It was a dream that started four years ago. On Thursday, concluding four years of blood, sweat, dedication – and winning a state championship – the long journey to become a Wichita State Shocker finally became a reality.
When Circle High School’s Talia Highbarger put her pen to her national letter of intent to run track at Wichita State on Thursday afternoon, she couldn’t help but beam, knowing that her objective she set for herself as a freshman had been fulfilled.
“It’s definitely like, getting to actually be there and sign the actual letter and stuff (is awesome),” Highbarger said.
However, now a freshman Shocker hurdler, she said it still hasn’t quite sunk in that she’s going on to pursue a college education.
“Not really,” she said. “I’m still in the high school life kind of.”
Accompanying Talia at her signing was her parents, David and Brenda Highbarger, two of her high school coaches, Doug Odom and Rick Gibson along with a few of her friends from the track team.
Having served as the hurdles coach at Circle High for the last 13 years, Odom said he couldn’t be any more proud of Highbarger.
“(Today) is a combination of four years of work,” Odom said. “It started with her as a freshman. She’s a kid who was dedicated and hardworking to what she’s done. She had a dream as a freshman to run at WSU and sign with WSU.
“You just saw her improve over the four years, she’s a fantastic kid. This is a fantastic accomplishment for her, I’m very proud of her. You hope for great success for great kids, and she is a great kid, WSU is getting a great athlete."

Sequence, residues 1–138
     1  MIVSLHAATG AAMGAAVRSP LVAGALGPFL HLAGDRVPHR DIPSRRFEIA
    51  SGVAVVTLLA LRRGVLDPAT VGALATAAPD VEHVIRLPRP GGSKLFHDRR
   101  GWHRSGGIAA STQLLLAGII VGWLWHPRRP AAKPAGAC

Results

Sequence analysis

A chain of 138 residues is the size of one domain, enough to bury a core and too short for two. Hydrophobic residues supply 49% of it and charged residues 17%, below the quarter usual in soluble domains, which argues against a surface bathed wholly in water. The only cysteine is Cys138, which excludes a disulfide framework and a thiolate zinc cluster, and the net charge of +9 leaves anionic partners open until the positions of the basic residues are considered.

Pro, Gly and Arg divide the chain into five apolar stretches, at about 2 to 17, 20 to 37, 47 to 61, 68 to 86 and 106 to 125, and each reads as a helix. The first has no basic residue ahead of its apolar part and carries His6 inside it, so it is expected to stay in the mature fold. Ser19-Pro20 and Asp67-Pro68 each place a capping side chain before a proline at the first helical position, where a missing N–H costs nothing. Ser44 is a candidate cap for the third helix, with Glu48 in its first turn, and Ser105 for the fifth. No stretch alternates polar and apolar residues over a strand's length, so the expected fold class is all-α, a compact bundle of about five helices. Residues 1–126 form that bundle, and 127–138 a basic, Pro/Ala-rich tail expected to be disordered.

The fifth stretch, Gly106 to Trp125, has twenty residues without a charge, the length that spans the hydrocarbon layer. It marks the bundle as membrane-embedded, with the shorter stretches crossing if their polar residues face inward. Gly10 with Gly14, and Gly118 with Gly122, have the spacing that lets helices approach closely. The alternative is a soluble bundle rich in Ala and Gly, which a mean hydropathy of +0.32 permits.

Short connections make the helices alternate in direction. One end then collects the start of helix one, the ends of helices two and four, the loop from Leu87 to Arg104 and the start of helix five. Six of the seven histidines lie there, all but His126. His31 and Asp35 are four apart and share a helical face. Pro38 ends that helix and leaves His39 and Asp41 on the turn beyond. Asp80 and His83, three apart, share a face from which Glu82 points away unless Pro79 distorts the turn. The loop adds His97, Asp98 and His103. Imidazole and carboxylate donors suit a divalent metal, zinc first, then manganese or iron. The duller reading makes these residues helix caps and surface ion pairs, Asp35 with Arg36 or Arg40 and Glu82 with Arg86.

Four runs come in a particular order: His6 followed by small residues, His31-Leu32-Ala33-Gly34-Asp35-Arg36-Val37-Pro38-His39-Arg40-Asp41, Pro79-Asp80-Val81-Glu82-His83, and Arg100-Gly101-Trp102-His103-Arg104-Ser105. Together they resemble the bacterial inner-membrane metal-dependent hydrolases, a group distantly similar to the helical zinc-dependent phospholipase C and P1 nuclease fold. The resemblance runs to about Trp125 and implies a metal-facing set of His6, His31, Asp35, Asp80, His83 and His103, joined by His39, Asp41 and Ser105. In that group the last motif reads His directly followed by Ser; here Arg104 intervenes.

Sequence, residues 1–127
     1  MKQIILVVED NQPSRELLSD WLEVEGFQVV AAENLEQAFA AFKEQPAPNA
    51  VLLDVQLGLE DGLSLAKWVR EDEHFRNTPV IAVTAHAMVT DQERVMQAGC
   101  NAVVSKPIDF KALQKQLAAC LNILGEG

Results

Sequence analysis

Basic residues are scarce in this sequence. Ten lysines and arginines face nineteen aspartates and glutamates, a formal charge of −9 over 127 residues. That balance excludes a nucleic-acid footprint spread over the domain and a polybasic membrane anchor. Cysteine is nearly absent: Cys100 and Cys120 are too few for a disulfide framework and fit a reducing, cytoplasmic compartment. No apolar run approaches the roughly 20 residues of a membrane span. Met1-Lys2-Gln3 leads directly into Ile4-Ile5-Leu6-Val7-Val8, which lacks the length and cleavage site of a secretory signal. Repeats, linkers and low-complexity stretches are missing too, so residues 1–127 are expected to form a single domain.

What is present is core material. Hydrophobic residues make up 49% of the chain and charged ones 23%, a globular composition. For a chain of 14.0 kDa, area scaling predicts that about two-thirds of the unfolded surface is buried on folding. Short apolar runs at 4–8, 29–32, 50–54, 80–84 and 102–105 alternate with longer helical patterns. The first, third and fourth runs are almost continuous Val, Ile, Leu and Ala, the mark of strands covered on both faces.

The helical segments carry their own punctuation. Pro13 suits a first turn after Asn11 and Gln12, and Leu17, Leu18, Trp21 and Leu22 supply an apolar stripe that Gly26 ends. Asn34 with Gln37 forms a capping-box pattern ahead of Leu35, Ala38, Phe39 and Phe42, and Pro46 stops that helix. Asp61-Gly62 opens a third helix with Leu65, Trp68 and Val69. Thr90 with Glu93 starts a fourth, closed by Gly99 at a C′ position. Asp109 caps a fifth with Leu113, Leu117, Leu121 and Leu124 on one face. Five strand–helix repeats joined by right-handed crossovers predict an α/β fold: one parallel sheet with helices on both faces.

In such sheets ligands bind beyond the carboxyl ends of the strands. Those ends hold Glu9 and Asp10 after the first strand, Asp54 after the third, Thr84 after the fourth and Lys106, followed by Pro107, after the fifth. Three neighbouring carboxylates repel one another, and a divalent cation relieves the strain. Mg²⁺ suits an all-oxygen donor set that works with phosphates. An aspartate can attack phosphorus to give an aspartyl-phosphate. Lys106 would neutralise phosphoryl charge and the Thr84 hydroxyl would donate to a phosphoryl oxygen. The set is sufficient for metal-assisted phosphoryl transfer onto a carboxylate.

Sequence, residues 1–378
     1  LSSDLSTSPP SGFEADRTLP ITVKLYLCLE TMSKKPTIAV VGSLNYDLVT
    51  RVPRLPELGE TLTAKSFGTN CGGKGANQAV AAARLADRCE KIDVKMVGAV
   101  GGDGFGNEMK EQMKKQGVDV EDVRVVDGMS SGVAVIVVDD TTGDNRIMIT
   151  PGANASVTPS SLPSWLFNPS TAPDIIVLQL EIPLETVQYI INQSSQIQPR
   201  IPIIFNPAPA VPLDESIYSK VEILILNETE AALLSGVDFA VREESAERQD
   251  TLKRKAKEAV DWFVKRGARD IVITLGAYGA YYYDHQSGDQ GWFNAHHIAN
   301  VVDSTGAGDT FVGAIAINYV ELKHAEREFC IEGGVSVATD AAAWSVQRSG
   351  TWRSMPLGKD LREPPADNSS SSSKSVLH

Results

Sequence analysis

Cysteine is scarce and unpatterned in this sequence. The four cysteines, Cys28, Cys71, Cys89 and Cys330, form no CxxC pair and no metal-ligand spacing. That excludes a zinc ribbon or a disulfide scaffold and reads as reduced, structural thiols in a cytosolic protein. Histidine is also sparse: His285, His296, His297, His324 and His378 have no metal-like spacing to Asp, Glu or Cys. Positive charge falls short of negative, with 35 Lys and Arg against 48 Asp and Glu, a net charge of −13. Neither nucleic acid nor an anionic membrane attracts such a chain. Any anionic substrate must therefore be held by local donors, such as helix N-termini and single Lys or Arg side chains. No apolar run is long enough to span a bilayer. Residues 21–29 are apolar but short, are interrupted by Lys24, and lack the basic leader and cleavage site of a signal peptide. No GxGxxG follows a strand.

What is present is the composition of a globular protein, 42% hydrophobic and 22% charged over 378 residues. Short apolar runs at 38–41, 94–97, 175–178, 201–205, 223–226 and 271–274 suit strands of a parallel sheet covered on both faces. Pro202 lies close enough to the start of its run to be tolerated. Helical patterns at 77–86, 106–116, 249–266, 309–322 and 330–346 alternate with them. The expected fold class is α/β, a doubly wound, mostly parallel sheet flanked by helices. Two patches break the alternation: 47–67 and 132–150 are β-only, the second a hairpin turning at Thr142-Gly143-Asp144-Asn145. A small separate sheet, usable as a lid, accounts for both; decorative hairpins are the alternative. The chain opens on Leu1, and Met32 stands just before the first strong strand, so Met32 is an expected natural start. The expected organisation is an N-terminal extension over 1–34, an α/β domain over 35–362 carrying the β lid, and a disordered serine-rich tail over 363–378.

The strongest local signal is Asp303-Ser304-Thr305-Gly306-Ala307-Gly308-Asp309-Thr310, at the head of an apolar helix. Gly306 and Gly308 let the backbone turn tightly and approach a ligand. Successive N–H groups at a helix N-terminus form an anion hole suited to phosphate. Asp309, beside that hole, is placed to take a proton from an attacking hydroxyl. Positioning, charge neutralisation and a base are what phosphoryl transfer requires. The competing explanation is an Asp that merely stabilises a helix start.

While Odom said that Wichita State is getting a great athlete in Highbarger, the Shockers are also landing a state champion. Highbarger won the 4A girls 100-meter hurdles at the very school she’ll be attending starting in August with a time of 15.66 seconds.
Highbarger certainly hasn’t forgotten the about the gold medal she won two weeks ago, as she had her eyes set on first place from the start of the track season.
“(I’m still on cloud nine) with the state win and stuff,” Highbarger said. “That’s still the main thing I’m focusing on.”
But even though she was the best in the state this season, Highbarger knows the competition gets a lot stiffer once she sets foot on campus.
“It’s kind of scary, knowing that I’m not going to be the best anymore,” Highbarger said. “(I know) that I’m going to have to work way harder than I’ve ever worked before to try and get to where I’m at right now again.”
Don’t expect the fear of competition to slow down Highbarger’s work ethic though.
“Yeah, (there’s a lot of motivation),” she said. “I have a lot of friends there already who are going to help push me and help me and stuff.”
According to Odom, Highbarger shouldn’t have any problem succeeding at the collegiate level, acknowledging that her form is one of her greatest assets.
“She has a very low clearance height, I’m talking (less than an inch), between her and the hurdles” Odom said. “She’s solid inbetween the hurdles, she runs through the hurdles. She’s always wanted to run that perfect race, and I would say at our invational was probably that perfect race.”
Eager to prove herself to her new coach and teammates, the season can’t come fast enough for Highbarger.
“I’m really excited to get back into (hurdling again),” she said. And to get a lot more coaching and stuff.”
While at Wichita State, Highbarger said she plans to major in physical therapy. For now, in the future she hopes to “just go somewhere and do physical therapy, probably in a physical therapy office.”